Refugee crisis proposal fraught with moral flaws

The provisional EU-Turkey deal must be approved by many parties likely to oppose it

European  Commission president Jean-Claude Juncker: the commission has pledged to advance an EU-Turkey readmission agreement, which will address the crucial question of whether Turkey is considered a “safe country” by the EU.  Photograph: Thierry Charlier/AFP/Getty Images

European Commission president Jean-Claude Juncker: the commission has pledged to advance an EU-Turkey readmission agreement, which will address the crucial question of whether Turkey is considered a “safe country” by the EU. Photograph: Thierry Charlier/AFP/Getty Images

 

The provisional deal agreed late on Monday between the European Union and Turkey represents for many the last chance for Europe to deal with its biggest refugee crisis since the second World War.

Beset by internal divisions and a lack of strategic vision, the EU has allowed the crisis to spiral out of control. The UN is warning of a humanitarian catastrophe in Greece, where more than 30,000 migrants are trapped as other countries close their borders. About 2,000 people a day are continuing to risk their lives and money to travel by boat to Greece.

As Taoiseach Enda Kenny put it in Brussels on Monday, the EU has been forced for the first time in its history to make special humanitarian aid available for refugees within its own borders through a new €700 million, three-year humanitarian programme.

The need for a solution is critical. Whether the provisional deal etched on Monday will be the answer is far from clear.

Within hours of its announcement in Brussels, the United Nations and human rights agencies denounced the deal. Médecins san Frontières, which has been filling the gap left by national authorities by providing humanitarian assistance to desperate migrants, described the proposal as “cynical”, criticising in particular the “crude calculation” that would see one refugee resettled for every one sent back to Turkey. Amnesty believes the accord is “wrought with moral and legal flaws”.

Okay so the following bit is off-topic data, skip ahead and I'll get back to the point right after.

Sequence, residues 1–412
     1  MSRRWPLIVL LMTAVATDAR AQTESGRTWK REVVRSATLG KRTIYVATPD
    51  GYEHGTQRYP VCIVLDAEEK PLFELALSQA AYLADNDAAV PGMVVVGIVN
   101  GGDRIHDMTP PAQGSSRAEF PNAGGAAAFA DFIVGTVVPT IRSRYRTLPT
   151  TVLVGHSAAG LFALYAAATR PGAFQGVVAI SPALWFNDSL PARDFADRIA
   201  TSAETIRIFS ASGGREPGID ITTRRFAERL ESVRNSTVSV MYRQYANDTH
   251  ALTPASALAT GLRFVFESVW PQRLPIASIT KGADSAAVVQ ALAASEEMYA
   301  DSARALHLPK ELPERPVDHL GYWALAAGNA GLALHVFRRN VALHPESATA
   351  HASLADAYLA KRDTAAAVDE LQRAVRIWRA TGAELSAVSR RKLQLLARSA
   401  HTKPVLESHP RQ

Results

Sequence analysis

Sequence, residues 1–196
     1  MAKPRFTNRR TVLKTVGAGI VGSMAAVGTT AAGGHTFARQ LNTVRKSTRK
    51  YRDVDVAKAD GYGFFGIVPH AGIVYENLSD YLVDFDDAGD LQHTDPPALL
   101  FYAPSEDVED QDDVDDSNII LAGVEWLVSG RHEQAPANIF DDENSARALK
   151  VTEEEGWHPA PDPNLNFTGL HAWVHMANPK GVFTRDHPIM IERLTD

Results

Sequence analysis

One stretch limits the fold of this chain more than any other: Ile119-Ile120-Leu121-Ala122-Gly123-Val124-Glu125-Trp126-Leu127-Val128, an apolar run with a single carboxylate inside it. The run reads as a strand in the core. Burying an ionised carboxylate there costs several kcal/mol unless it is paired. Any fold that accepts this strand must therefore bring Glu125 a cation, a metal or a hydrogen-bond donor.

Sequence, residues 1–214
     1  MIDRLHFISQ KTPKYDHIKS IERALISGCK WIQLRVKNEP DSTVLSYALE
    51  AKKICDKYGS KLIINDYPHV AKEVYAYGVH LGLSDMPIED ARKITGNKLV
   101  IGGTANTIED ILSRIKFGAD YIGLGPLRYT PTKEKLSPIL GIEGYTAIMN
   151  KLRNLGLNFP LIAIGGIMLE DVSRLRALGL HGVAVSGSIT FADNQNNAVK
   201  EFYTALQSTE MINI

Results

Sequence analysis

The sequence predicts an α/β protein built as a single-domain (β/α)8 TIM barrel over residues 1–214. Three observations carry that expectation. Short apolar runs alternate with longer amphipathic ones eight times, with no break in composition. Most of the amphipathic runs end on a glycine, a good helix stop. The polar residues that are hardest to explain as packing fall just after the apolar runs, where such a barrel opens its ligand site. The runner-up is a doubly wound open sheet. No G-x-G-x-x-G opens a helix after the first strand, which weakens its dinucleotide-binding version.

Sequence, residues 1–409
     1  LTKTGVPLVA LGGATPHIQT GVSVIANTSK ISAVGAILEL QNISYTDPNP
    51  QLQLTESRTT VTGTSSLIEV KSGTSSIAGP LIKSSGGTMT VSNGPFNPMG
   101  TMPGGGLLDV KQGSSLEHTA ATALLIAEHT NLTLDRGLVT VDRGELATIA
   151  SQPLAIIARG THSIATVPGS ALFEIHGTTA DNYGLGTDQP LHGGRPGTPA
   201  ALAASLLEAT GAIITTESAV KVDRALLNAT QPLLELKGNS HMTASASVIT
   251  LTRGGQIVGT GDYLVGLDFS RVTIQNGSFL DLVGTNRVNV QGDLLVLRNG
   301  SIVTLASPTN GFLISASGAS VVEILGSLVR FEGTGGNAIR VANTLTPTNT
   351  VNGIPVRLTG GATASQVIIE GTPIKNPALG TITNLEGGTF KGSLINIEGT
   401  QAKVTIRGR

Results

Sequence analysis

More worryingly, the UN’s refugee agency said that any blanket deportation of people would be incompatible with international and EU law.

Whether the agreement put forward on Monday night becomes a reality remains uncertain. Much depends on ongoing negotiations ahead of next week’s summit.

The European Commission and European Council, well aware of the legal pitfalls, will be working to ensure any agreement put forward next week is legally sound. Central to the success of the deal will be the status of readmission agreements – the legal texts that permit the return of third-country nationals to their country of origin.

Bilateral tensions

Cyprus

Separately, the European Commission has pledged to advance an EU-Turkey readmission agreement, which will address the crucial question of whether Turkey is considered a “safe country” by the EU. The commission is hoping to bring forward the measure by June. It is then probable the controversial “one for one’” resettlement plan would operate under the bilateral agreement before the EU-Turkey readmission agreement comes into force.

The pledge to bring forward visa liberalisation for Turkish nationals visiting Schengen countries will also face opposition. A number of member states, including France, are lukewarm towards the concept, with France insisting the previously agreed conditions are met by Turkey.

Resistance is also evident in Germany, with some senior members of chancellor Angela Merkel’s conservative party insisting yesterday visa-free travel between the EU and Turkey should be agreed only if Turkey is given “country of safe origin” status.

Visa-free travel

Ukraine

As well as the legal difficulties facing the plan, huge practical questions remain. This includes the question of where Turkey will house the refugees it accepts back from Greece as it begins the process of identifying those entitled to claim asylum and those bound for resettlement.

Similar logistical challenges exist for Greece , which will be tasked with sending back refugees to Turkey despite its inability to cope with the “hotspot” system supposed to be the first port of call for arriving migrants.

Given the enormous moral, legal and practical challenges of the resettlement plan, some compromise is almost inevitable over the next week as the EU races to come forward with a decisive response to the crisis. The outcome could yet be the worst of both worlds – a half-baked deal that turns a blind eye to Turkey’s democratic failings without resolving the refugee crisis. For the thousands seeking refuge, it may all be too little too late.

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